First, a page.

Jean-Michel Basquiat’s contributions to the history of art and his explorations of multifaceted cultural phenomena––including music, the Black experience, pop culture, Black American sports figures, literature, and other sources––will be showcased through immersive environments providing a unique insight into the late artist’s creative life and his singular voice that propelled a social and cultural narrative that continues to this day.
Organized and curated by the family of Jean-Michel Basquiat, this exhibition of over 200 never-before-seen and rarely-shown paintings, drawings, multimedia presentations, ephemera, and artifacts tell the story of Jean-Michel from an intimate perspective and intertwining his artistic endeavors with his personal life, influences, and the times in which he lived.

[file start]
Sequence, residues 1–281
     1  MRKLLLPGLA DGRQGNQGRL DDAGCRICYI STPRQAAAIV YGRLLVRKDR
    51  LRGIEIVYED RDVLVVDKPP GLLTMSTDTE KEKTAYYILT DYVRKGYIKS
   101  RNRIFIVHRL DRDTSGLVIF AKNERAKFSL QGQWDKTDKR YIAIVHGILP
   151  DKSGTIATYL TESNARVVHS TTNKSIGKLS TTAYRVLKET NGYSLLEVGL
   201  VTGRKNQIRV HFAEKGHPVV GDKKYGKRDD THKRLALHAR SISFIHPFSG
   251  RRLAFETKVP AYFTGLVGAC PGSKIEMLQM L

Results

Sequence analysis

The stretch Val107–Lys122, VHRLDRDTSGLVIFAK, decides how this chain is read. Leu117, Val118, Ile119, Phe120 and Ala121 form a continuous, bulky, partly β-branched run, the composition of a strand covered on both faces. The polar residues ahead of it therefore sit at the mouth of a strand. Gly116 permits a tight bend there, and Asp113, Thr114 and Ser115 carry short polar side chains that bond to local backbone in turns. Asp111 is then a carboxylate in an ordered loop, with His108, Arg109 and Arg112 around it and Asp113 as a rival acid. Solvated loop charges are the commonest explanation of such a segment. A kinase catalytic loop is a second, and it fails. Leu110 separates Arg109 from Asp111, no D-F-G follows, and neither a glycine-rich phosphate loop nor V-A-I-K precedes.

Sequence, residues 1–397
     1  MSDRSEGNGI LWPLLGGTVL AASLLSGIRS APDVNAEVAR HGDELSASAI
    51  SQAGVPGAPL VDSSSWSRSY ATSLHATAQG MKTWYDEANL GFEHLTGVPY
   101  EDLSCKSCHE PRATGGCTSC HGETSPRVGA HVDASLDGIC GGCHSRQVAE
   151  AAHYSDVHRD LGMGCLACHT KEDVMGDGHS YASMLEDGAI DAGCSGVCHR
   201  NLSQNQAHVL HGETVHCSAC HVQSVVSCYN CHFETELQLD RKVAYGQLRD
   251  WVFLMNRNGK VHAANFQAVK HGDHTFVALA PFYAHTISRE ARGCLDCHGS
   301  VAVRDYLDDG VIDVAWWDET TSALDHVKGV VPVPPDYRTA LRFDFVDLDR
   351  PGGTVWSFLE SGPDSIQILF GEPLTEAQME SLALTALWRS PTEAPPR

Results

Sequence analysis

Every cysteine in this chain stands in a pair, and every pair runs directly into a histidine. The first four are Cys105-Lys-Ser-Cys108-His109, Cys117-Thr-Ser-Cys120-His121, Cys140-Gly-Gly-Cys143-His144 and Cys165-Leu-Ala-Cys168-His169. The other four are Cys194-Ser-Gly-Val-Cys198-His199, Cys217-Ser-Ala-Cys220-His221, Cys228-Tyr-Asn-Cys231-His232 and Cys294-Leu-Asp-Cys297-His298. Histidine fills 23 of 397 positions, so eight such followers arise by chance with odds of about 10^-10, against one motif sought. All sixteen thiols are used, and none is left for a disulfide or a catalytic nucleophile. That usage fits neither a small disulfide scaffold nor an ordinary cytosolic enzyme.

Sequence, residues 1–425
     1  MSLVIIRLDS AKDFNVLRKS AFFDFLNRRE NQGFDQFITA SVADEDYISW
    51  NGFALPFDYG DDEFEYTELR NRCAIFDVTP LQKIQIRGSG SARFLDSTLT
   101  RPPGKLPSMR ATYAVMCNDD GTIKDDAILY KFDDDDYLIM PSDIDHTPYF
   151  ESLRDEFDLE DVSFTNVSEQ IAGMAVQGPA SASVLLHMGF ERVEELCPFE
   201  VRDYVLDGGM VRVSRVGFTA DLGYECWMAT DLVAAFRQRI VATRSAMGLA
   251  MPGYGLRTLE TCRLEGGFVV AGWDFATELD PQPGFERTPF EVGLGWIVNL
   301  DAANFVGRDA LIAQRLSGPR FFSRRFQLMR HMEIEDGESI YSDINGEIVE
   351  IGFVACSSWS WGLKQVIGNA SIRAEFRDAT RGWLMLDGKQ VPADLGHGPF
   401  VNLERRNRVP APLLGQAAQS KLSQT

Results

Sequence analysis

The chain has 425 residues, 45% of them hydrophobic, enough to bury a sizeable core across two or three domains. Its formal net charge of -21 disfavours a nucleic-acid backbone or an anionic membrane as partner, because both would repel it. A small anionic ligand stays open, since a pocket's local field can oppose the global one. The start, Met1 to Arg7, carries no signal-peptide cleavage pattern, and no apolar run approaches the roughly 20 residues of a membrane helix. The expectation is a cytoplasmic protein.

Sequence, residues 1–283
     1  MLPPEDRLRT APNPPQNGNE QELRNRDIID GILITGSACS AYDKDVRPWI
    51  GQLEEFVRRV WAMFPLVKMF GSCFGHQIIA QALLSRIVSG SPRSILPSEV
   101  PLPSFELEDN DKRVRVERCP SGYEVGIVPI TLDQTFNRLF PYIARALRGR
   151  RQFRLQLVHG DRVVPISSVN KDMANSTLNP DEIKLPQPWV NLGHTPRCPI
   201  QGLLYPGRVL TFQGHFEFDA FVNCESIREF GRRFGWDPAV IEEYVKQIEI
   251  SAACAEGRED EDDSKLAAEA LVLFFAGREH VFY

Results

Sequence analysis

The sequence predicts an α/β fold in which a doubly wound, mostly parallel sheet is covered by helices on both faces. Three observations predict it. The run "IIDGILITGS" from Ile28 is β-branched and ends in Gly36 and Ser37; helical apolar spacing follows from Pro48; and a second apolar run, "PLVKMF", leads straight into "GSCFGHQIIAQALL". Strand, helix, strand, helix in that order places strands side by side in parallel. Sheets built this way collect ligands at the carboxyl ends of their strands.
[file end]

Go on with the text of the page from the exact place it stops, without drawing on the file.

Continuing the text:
King Pleasure is the title of a painting created by Jean-Michel in 1987 and the name of a bebop-loving bartender turned jazz vocalist whose first hit, in 1952, “Moody’s Mood For Love,” catapulted him to fame. The song was a favorite of the WBLS DJ Frankie Crocker, who played it at the close of his show every night in the 1970s. Gerard Basquiat, Jean-Michel’s father, was also fond of the tune.